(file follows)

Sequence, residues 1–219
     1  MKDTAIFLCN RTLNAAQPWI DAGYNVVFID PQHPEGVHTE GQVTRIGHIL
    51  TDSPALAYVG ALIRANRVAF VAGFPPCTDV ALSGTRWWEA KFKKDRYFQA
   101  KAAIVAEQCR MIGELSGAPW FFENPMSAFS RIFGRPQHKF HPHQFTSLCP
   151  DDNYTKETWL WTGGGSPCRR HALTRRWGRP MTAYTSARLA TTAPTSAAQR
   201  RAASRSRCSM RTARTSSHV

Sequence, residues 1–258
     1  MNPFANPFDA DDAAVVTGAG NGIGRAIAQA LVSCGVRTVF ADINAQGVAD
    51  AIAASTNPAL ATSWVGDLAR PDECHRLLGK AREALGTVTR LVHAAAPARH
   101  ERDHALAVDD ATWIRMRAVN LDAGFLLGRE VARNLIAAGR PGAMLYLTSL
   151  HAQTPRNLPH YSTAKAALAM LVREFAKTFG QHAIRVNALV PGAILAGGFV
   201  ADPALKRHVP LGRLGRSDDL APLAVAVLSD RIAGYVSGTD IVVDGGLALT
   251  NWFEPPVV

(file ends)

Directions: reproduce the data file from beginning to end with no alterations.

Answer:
Sequence, residues 1–219
     1  MKDTAIFLCN RTLNAAQPWI DAGYNVVFID PQHPEGVHTE GQVTRIGHIL
    51  TDSPALAYVG ALIRANRVAF VAGFPPCTDV ALSGTRWWEA KFKKDRYFQA
   101  KAAIVAEQCR MIGELSGAPW FFENPMSAFS RIFGRPQHKF HPHQFTSLCP
   151  DDNYTKETWL WTGGGSPCRR HALTRRWGRP MTAYTSARLA TTAPTSAAQR
   201  RAASRSRCSM RTARTSSHV

Sequence, residues 1–258
     1  MNPFANPFDA DDAAVVTGAG NGIGRAIAQA LVSCGVRTVF ADINAQGVAD
    51  AIAASTNPAL ATSWVGDLAR PDECHRLLGK AREALGTVTR LVHAAAPARH
   101  ERDHALAVDD ATWIRMRAVN LDAGFLLGRE VARNLIAAGR PGAMLYLTSL
   151  HAQTPRNLPH YSTAKAALAM LVREFAKTFG QHAIRVNALV PGAILAGGFV
   201  ADPALKRHVP LGRLGRSDDL APLAVAVLSD RIAGYVSGTD IVVDGGLALT
   251  NWFEPPVV